ACTON INSTITUTE                               BUCKEYE INSTITUTE                          CONGRESSIONAL INSTITUTE                    GOLDEN STATE CENTER
Kris Alan Mauren, Executive Director          Sam Staley, President                      Karen A. Bronson, Executive Director       Brian T. Kennedy, Director
161 Ottawa NW, Suite 301                      4100 North High Street, Suite 200          316 Pennsylvania Avenue SE, Suite 403      1127 - 11th Street, Suite 206
Grand Rapids, MI 49503                        Columbus, OH 43214                         Washington, DC 20003                       Sacramento, CA 95814
P (616) 454-3080, F (616) 454-9454            P (614) 262-1593, F (614) 262-1927         P (202) 547-4600, F (202) 547-3556         P (916) 446-7924, F (916) 446-7990 •                                                     
Gary J. Palmer, President                                                                DCI GROUP                                  GOLDWATER INSTITUTE
                                              CALVERT INSTITUTE                                                                     Darcy Olsen, Executive Director
402 Office Park Drive, Suite 300                                                         Todd Kruse
Birmingham, AL 35223                          George W. Liebmann,                        1133 - 21st Street, Suite M100             500 East Coronado Road
P (205) 870-9900, F (205) 870-4407            Executive Director                         Washington, DC 20036                       Phoenix, AZ 85004                       8 West Hamilton Street                     P (202) 546-4242, F (202) 546-4243         P (602) 462-5000, F (602) 256-7045                         Baltimore, MD 21201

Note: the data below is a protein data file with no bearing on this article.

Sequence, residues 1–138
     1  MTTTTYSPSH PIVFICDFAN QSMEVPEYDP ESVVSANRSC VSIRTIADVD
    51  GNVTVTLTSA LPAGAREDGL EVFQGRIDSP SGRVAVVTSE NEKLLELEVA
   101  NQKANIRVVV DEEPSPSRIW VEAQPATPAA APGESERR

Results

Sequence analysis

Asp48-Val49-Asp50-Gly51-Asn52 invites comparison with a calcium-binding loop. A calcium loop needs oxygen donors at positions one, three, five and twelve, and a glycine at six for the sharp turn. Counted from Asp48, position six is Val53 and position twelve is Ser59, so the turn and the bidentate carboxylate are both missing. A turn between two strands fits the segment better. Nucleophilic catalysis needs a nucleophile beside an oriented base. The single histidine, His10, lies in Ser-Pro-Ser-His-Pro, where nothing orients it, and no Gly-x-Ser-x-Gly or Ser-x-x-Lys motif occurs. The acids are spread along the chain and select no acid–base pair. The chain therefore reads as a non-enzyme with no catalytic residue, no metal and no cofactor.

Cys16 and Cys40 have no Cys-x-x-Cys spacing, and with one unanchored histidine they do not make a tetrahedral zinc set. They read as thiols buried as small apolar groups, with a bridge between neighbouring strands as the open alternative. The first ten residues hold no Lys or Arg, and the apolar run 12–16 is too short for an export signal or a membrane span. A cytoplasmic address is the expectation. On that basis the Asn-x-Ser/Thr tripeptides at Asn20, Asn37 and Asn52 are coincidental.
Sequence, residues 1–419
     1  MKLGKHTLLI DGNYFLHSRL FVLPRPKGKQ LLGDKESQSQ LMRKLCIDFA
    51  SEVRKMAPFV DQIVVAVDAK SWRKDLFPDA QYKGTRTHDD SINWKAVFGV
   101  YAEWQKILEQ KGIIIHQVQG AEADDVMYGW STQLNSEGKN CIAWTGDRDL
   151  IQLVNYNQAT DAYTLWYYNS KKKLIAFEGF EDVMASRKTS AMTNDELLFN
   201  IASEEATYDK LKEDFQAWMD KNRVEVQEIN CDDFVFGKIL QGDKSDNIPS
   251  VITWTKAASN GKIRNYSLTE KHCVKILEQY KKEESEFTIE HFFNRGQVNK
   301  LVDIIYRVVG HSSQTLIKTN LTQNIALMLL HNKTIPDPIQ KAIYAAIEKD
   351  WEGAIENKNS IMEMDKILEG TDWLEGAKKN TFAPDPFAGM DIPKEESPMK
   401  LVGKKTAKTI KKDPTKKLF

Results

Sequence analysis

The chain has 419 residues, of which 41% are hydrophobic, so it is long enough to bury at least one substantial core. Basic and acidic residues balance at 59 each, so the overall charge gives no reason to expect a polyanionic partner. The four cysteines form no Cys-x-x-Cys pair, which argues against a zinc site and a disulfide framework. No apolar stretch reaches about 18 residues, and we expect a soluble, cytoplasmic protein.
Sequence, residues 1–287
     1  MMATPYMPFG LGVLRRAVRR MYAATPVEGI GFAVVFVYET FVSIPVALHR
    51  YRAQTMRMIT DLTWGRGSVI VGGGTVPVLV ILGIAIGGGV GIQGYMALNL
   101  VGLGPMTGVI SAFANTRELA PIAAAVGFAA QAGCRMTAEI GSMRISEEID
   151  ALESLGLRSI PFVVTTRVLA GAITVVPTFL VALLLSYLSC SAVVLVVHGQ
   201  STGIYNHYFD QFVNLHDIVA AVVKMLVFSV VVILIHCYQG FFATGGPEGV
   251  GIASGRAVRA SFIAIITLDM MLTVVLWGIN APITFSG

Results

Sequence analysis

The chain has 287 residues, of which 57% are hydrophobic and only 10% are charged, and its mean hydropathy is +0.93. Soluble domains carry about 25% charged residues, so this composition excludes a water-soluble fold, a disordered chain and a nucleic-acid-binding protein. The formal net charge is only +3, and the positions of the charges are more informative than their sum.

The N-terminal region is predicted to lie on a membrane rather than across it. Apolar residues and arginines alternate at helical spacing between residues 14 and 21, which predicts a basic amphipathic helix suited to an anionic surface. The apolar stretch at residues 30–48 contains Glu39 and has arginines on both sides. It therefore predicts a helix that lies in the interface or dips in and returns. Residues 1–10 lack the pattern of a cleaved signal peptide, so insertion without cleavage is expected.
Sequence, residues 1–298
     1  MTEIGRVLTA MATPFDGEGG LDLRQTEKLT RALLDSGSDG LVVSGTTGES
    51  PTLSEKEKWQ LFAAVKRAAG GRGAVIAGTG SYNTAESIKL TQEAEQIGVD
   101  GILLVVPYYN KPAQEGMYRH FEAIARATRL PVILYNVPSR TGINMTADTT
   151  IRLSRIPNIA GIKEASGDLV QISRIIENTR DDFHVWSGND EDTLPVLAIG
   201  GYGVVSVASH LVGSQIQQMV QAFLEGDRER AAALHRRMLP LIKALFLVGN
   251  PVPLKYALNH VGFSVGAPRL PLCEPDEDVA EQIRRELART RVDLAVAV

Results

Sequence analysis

P (410) 662-7252 • F (410) 539-3973             
SMALL PROPERTY OWNERS                                                                    EDUCATION LEADERS COUNCIL                  GRASSROOT INSTITUTE OF HAWAII
F. Patricia Callahan, President                                                          Lisa Graham Keegan, CEO                    Richard O. Rowland, President
                                              CASCADE POLICY INSTITUTE                   1225 19th Street NW, Suite 400             PO Box 1046, Aiea, HI 96701
1101 - 30th Street NW, Suite 500
Washington, DC 20007                          Steve Buckstein, President                 Washington, DC 20036                       P (808) 487-6401, F (808) 484-0117
P (202) 625-8330                              813 SW Alder, Suite 450                    P (202) 261-2600, F (202) 261-2638 •                 Portland, OR 97205                       
                                              P (503) 242-0900, F (503) 242-3822
                                                                                                   GREAT PLAINS PUBLIC
EXCHANGE COUNCIL                                                                         EMPIRE FOUNDATION                          POLICY INSTITUTE
Duane Parde, Executive Director                                                          Thomas W. Carroll, President               Ronald Williamson, President
                                              CATO INSTITUTE                             4 Chelsea Place                            Box 88138
910 - 17th Street NW, Fifth Floor             Susan Chamberlin,
Washington, DC 20006                                                                     Clifton Park, NY 12065                     Sioux Falls, SD 57109
P (202) 466-3800, F (202) 466-3801            Director of Government Affairs             P (518) 383-2877, F (518) 383-2841         P (605) 332-2641, F (605) 338-3458 •                 1000 Massachusets Avenue NW                     
                                              Washington, DC 20001-5403